Also found in: [+]
The CEO Interview: Chad Nelsen, Surfrider Foundation 16.1.2015 Green on HuffingtonPost.com
Sunshine, soft sand beneath your feet, the squeals of children splashing in waves -- these are the memories of summer vacations. Chad Nelsen wants your children's children to have these memories too. As the newly appointed CEO of the Surfrider Foundation, one of the nation's largest grass roots environmental organizations, Nelsen has a formidable task in front of him. Coastal development, beach erosion and wastewater runoff are just a few of the environmental challenges threatening both public access to beaches and the health of the ocean -- issues that are at the heart of Surfrider's mission. Nelsen's outdoor ruggedness, with the glow of a surfer straight out of central casting -- belie his intelligence. He has a degree from Duke University's Nicholas School of the Environment and an environmental science doctorate from UCLA. I wondered what the challenges of leading such a large grass-roots organization were and Nelsen said, "It's to find a way to organize and coalesce a multitude of local issues into ...
Also found in: [+]
2 Endangered Cotton-Top Tamarin Monkeys Freeze To Death At Louisiana Zoo 14.1.2015 Green on HuffingtonPost.com
By Jonathan Kaminsky NEW ORLEANS, Jan 14 (Reuters) - Two monkeys belonging to a species that is critically endangered died at a Louisiana zoo after they were left out overnight in the cold by a caretaker, officials said on Wednesday. The cotton-top Tamarins, weighing less than a pound and distinguishable by their shock of white hair, were among three that were kept outside overnight last week in temperatures that dipped into the 30s Fahrenheit at the Alexandria Zoo in central Louisiana. One of the monkeys survived, officials with the city of Alexandria, which owns the zoo, said. "This is a tragedy," zoo director Lee Ann Whitt said in a statement. The zoo keeper who was responsible for the monkeys on the night in question has resigned after being placed on administrative leave, and an investigation into the incident is ongoing, said David Gill, the city's public works director. "This appears to have happened as a result of human error and not a system problem," Gill said in a statement. The ...
Also found in: [+]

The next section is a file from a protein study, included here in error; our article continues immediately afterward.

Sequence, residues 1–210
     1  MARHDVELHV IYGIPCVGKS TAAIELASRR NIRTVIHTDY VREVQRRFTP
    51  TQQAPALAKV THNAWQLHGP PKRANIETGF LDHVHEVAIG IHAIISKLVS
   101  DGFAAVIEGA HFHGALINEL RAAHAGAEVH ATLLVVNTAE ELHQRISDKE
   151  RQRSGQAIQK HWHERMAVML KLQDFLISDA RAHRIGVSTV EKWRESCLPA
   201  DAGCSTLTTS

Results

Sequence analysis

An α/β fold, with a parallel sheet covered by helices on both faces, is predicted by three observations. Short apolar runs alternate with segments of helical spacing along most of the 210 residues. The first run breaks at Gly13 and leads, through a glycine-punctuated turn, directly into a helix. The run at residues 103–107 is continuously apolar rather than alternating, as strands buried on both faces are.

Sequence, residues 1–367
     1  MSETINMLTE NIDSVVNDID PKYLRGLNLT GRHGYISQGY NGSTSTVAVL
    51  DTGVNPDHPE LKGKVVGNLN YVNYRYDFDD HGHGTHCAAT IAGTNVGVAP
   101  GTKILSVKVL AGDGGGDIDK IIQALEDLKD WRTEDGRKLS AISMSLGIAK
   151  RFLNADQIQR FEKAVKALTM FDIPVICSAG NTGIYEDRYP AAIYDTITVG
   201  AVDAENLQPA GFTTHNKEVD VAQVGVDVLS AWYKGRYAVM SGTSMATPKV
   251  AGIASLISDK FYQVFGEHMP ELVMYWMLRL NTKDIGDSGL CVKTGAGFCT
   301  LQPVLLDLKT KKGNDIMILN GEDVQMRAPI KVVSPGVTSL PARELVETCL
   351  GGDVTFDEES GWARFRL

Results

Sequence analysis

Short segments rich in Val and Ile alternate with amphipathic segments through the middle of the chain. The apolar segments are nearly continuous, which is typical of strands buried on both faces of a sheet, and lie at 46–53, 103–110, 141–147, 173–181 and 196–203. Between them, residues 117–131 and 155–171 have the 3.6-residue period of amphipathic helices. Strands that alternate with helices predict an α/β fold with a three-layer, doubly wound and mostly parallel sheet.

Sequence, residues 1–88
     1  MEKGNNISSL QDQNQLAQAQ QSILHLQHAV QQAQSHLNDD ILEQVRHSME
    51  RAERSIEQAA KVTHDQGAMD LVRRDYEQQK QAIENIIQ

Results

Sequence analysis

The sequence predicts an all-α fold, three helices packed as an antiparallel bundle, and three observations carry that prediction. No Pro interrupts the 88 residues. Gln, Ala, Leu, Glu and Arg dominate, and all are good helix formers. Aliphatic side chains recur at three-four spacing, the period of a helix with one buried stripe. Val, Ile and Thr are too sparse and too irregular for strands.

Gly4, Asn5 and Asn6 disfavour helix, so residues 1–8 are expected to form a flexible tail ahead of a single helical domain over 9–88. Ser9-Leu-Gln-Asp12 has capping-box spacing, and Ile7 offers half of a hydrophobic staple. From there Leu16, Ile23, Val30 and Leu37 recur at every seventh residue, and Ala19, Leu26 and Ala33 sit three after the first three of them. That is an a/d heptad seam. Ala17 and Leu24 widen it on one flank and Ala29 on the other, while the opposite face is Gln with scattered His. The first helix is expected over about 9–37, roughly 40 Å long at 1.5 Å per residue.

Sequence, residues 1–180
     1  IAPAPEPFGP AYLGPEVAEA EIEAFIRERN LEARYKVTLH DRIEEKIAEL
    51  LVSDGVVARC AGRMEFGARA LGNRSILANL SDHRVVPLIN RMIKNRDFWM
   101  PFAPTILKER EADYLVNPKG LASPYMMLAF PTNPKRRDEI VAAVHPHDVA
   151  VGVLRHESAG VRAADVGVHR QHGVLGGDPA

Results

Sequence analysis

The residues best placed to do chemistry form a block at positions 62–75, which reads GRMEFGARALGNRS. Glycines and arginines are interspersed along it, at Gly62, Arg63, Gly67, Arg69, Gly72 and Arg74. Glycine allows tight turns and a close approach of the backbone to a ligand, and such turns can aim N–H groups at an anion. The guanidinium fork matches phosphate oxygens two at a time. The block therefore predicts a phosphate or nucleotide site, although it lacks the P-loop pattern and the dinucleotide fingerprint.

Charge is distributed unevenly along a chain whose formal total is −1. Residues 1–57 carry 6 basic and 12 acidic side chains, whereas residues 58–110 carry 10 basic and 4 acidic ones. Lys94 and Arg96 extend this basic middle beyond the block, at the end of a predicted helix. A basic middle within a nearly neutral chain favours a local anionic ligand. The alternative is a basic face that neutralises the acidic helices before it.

Climate Change Threatens Quechua and Their Crops in Peru's Andes 3.1.2015 Truthout - All Articles
Quechua Indian women bargain and sell vegetables. (Photo: Global Water Partnership ) Pisac, Peru - In this town in Peru's highlands over 3,000 metres above sea level, in the mountains surrounding the Sacred Valley of the Incas, the Quechua Indians who have lived here since time immemorial are worried about threats to their potato crops from alterations in rainfall patterns and temperatures. "The families' food security is definitely at risk," agricultural technician Lino Loayza told IPS. "The rainy season started in September, and the fields should be green, but it has only rained two or three days, and we're really worried about the effects of the heat." If the drought stretches on, as expected, "we won't have a good harvest next year," said Loayza, who is head of the Parque de la Papa or Potato Park, a biocultural conservation unit created to safeguard native crops in the rural municipality of Pisac in the southeastern department or region of Cuzco. In the Parque de la Papa, which is at an altitude of ...
Also found in: [+]
Another Record Year For Rhino Slayings After More Than 1,000 Killed In 2014 2.1.2015 Green on HuffingtonPost.com
By Ed Stoddard JOHANNESBURG, Jan 2 (Reuters) - South Africa lost a record number of rhinos in 2014 as big animals across Africa were relentlessly poached to meet rising demand for horn and ivory in newly affluent Asian countries or to provide meat to fighters in the bush. From South Sudan, where conservationists say elephants are being slain by both government forces and rebels, to South Africa, where more than three rhinos are poached every day, there is an arc of illegal animal slaughter across the region. South Africa is the center of the rhino crisis as it is home to close to 20,000, or over 90 percent, of the world's population of the animals. Government figures for 2014 show that by mid-November 1,020 of the animals had been killed for their horns. That tops the previous record of 1,004 from 2013 and experts say it will probably hit at least 1,200, an almost four-fold increase over 2010, when 333 were killed. Pelham Jones, chairman of the Private Rhino Owners Association, told Reuters ...
Also found in: [+]
Famed Gray Wolf Possibly Killed In Utah 31.12.2014 Green on HuffingtonPost.com